Rabbi Chaim Rottenberg, whose home was invaded Saturday night in a horrifying attack labeled an anti-Semitic act of "domestic terrorism," released a powerful statement Sunday writing that the Jewish people will "forge forward in faith" following a week of anti-Semitic attacks marking a disturbing sign of anti-Semitism on the rise, investigators said.
"First and foremost, we would like to publicly proclaim our thanks to the One Above who performed a modern-day Chanukah miracle," the statement read.
"Last night's brutal attack sent shock waves through our community and around the world; yet, with God's help, the casualties were less extensive than what might have been. Our hearts and prayers are will all those who were injured, especially the elderly congregant who remains in critical condition at this time."
Police have identified the man accused of entering Rottenberg's Monsey, New York, home during a Hanukkah celebration and stabbing five Hasidic Jews with a machete, as Grafton E. Thomas, 37, of Greenwood Lake, N.Y.
One person was very seriously wounded and remained in critical condition. The rabbi's son also was injured; his status and those of the other victims were not clear.
In his first public statement since the attack, Rottenberg expressed his gratitude to the first responders on the scene, crediting their "quick actions" for saving lives and "capturing the evil perpetrator."
"We would like to extend our deepest appreciation to the myriad emergency response crews, police and official dignitaries, including local, state and federal officials who sprang into action with impressive readiness, professionalism, and concern," he wrote in the statement released on Twitter. "Your quick actions saved lives and led to the capture of the evil perpetrator."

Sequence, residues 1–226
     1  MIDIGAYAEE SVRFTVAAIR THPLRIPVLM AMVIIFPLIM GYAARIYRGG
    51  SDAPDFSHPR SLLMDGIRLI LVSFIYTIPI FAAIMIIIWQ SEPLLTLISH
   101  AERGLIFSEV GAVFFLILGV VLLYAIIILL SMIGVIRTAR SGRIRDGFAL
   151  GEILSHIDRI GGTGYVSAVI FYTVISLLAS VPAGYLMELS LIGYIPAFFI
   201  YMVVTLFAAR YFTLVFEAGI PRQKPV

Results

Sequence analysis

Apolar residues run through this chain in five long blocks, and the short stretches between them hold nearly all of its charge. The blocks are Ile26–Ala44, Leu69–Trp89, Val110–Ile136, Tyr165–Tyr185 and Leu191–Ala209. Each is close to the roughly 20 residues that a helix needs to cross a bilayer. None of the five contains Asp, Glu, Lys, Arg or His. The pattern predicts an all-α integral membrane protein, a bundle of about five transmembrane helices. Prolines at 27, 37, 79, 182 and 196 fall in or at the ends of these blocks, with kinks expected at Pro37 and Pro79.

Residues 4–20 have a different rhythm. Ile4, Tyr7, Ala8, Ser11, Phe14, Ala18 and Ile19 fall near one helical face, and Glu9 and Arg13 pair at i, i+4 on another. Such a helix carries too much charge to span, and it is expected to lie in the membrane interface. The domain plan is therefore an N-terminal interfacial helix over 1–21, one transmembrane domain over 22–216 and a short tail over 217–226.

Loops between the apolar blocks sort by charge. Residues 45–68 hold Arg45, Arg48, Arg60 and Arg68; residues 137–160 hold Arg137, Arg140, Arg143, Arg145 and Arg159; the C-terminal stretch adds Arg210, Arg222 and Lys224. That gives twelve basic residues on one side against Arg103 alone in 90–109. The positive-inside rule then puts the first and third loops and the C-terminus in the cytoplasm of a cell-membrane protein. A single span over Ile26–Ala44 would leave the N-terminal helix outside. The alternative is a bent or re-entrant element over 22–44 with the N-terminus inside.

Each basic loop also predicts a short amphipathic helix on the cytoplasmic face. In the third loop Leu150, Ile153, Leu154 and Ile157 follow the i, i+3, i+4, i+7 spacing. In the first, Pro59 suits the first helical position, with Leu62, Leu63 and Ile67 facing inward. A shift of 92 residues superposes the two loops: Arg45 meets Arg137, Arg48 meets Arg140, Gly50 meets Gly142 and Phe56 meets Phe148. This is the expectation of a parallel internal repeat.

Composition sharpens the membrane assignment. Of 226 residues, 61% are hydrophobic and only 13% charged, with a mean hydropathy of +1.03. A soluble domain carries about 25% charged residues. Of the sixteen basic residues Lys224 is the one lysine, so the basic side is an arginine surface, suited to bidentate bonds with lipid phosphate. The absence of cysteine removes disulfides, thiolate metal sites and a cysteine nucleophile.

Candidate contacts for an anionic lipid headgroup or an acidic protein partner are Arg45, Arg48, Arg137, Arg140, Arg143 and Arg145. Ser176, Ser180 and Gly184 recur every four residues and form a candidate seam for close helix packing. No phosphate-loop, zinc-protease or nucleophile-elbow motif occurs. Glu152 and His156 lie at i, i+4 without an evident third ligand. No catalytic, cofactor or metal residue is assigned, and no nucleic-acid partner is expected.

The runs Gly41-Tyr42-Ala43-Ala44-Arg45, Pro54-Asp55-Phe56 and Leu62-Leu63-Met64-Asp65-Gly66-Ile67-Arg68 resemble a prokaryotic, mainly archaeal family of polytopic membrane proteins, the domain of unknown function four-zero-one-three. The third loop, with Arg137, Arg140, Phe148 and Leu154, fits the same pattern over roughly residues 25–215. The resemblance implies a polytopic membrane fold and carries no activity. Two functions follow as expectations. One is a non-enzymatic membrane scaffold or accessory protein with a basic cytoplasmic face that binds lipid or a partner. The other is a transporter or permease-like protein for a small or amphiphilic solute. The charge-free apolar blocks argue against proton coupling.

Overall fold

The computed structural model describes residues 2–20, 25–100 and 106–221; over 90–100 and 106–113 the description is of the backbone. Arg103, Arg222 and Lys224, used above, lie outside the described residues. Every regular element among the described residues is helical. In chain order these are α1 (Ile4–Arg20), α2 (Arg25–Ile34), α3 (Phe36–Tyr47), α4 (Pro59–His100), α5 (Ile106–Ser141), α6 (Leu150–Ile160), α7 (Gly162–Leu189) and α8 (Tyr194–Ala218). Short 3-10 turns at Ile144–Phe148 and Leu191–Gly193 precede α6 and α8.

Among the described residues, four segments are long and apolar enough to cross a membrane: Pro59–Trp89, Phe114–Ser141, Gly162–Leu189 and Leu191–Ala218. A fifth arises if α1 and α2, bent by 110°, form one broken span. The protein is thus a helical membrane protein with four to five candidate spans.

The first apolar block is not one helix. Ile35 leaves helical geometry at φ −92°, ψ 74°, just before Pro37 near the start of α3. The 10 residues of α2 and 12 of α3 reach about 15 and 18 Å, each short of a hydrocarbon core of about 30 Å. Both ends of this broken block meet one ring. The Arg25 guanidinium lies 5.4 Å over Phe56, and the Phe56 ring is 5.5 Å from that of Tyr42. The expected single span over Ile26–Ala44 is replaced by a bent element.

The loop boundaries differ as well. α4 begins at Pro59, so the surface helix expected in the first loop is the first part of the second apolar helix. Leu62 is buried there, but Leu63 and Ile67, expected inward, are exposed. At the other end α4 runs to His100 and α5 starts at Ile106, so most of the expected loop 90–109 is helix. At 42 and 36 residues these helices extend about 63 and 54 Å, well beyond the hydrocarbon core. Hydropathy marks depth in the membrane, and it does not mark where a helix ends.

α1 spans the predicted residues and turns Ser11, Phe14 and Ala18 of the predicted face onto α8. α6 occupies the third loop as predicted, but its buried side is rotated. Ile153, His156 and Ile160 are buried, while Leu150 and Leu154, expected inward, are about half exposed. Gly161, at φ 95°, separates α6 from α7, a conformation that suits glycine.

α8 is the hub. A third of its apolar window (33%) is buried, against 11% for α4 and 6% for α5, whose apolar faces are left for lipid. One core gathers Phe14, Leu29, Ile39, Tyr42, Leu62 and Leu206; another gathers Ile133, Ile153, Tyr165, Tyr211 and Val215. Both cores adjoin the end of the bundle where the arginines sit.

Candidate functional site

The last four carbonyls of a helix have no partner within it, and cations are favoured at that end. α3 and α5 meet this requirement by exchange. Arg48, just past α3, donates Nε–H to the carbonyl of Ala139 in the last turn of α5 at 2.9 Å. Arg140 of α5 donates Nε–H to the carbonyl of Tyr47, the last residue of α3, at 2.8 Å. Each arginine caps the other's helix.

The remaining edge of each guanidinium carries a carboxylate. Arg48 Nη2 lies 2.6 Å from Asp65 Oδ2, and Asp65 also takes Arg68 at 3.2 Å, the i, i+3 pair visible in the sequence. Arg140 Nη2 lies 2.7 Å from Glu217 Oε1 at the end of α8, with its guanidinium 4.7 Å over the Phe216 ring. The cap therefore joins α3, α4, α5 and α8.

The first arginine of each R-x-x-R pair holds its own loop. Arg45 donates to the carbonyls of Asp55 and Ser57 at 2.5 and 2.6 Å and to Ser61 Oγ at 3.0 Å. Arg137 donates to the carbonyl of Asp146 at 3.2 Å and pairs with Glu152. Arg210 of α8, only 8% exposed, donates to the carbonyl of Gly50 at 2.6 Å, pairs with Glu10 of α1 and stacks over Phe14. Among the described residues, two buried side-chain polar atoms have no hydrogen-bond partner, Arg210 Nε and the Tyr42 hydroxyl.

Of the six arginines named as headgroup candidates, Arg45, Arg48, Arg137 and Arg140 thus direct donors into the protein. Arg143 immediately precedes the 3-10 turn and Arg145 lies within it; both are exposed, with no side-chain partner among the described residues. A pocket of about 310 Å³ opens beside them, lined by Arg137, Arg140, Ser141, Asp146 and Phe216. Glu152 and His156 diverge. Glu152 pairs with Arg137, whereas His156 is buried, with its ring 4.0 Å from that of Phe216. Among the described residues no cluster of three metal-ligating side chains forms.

The rabbi also thanked Gov. Andrew Cuomo, who called the attack an act of "terrorism" and challenged his state to fight the rise of anti-Semitism and hate.
“This is intolerance meets ignorance meets illegality," he said, adding: "This is an intolerant time in this country. We see anger. We see hatred exploding." Cuomo said that in the new year, he will propose measures to punish perpetrators of acts like these as terrorists.
Rottenberg thanked Cuomo for making the "vital public statement that action against hatred will be swift," and reiterated his message that "Jews around New York and the world stand united as one."
Immediately following the attack, Rottenberg and his followers gathered at the adjacent synagogue, which the rabbi led, and sang together in prayer celebrating the seventh night of Hannukah.
"The grace of God did not end and his mercy did not leave us," they sang, according to a translation of their song posted online.
"With singing and dancing, the Rabbi and his congregants declared their gratitude and exemplified the message of 'we will persevere,'" Naftali Silberberg, a secretary for Congregation Netzach Yisroel, wrote in the statement.
Rottenberg added that his community would take the necessary safety precautions moving forward, such as locking synagogue and school doors while in session -- but that they will "forge forward in faith and thanks that we continue to live under G-d's ultimate protection."
New York state Assemblyman Dov Hikind said Sunday that the attack was a symptom of a much larger concern of rampant anti-Semitism, after nearly a dozen beatings of Jewish people in the streets of New York City this week and a massacre at a kosher grocery store in Jersey City, N.J., that left several dead earlier this month.
“Anti-Semitism is out of control,” Hikind told “America’s News HQ.”
“What we see now is systematic day-in, day-out horrible things happening,” Hikind said.
The suspect pleaded not guilty to five counts of attempted murder and one count of burglary.
Bail was set at $5 million.